Next, click “Sign Up,” on the home page.
You’ll then be asked to choose from three hosting packages – Start Up, Grow Big, or Go Geek. Here’s a snapshot of that page:
Do note that the prices you see on this page assume that you purchase an annual package. You get a price break for buying a year in advance.
HOW DO I CHOOSE A HOSTING PACKAGE?
If you only plan to have one site, you can choose the Start Up plan for now.
However, if you plan to focus on your blog a lot or have more than one site, you may want to consider choosing Grow Big or Go Geek.
The Start Up plan is best for blogs getting up to 10,000 visits per month, and if you are working on your blog consistently, it’s very possible that you reach this number in just a few months. You may even reach the Grow Big number of 25,000 monthly visits depending on how hard you are working on your blog. (I reached 30,000+ page views in three months with my last blog, so I know it’s possible!) Just remember that you can always upgrade!
Step 2: Choose a domain name.
Once you’ve chosen a hosting package, you’ll need to choose a domain name. This is essentially going to be your blog name or something very close to it.
This is free with the purchase of your first hosting package at Siteground.
Choose a domain name that fits well with the topics you’ll write about and pick something that you’ll not be embarrassed to tell people about. Since you’re starting a health, food, or fitness blog, I suggest that your name imply this in some way. Your name is something that you should consider carefully. Remember that you’ll have this name for at least a year, if not longer!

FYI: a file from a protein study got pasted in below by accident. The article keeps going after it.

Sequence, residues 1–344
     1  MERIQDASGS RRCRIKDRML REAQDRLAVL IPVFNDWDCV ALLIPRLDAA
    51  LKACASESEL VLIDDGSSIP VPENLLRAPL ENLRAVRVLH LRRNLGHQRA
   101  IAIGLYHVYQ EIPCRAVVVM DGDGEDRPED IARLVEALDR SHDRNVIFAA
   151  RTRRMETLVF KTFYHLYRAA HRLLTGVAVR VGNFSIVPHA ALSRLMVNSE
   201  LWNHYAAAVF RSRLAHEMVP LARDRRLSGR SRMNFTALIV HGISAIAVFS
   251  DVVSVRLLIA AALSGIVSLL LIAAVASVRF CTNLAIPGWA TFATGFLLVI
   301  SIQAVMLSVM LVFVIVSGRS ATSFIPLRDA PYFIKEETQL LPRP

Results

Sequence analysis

It’s possible that someone will already own the domain name you want, so I recommend preparing a few ideas for this step. I also recommend that if possible, you include keywords in your domain name. That means that your domain name (which will be your blog name and part of your URL) tells people at least a little bit about your blog’s contents.
For example, my blog name is “Ironwild Fitness.” My domain name is ironwildfitness.com. My name suggests to readers that my site has something to do with being home (because it does) and that’s useful in getting the right audience to my site. Get the idea?
Note: I recommend domain privacy if you can afford it. It will just protect your personal contact information.
Once you’ve chosen a domain name and finalize your payment, you own a fitness blog! Congratulations!
Next comes all of the fun stuff. Don’t worry, I’ll help you with all of that, too!
If you’re ready to get started building your site and customizing it, check out this video for installing WordPress with your Siteground account.
This video should set you up so that you’re ready to start writing and editing your site. This is exciting stuff because now you can pick your colors for branding, make a logo, and customize everything else!
After that’s done, stay tuned for more info on what to put on your new health, food, or fitness blog.